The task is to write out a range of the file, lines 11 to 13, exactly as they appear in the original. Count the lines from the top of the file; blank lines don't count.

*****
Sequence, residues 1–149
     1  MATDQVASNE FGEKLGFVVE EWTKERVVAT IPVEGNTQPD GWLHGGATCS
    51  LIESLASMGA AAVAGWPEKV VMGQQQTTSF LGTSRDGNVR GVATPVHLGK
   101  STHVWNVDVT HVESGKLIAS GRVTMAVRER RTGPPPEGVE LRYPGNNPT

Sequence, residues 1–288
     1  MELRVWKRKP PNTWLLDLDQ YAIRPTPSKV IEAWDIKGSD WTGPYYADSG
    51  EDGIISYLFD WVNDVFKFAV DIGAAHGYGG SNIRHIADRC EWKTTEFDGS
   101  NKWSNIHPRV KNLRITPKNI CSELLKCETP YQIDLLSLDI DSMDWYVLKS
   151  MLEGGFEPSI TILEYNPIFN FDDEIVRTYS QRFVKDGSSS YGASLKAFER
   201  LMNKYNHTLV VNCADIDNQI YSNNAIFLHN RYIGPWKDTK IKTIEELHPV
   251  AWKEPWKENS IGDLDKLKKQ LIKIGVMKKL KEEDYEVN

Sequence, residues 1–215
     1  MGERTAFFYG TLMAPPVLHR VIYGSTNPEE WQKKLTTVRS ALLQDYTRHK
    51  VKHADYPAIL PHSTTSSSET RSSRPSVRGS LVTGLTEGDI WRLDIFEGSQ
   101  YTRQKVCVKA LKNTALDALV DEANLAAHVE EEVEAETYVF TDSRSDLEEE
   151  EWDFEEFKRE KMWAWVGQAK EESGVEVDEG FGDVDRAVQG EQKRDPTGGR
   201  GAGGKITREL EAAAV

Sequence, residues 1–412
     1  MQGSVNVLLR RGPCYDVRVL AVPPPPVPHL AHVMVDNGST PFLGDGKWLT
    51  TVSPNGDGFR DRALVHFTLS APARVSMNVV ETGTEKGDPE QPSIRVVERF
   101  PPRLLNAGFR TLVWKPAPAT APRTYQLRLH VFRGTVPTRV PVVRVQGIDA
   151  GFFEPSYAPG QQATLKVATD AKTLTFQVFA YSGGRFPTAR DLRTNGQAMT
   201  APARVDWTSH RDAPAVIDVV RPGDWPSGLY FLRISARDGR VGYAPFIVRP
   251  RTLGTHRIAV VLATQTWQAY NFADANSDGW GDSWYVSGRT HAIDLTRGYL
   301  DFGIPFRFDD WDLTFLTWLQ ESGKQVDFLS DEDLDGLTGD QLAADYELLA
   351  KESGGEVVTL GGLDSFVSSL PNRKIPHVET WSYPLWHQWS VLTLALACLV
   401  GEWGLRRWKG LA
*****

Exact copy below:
   251  AWKEPWKENS IGDLDKLKKQ LIKIGVMKKL KEEDYEVN

Sequence, residues 1–215
     1  MGERTAFFYG TLMAPPVLHR VIYGSTNPEE WQKKLTTVRS ALLQDYTRHK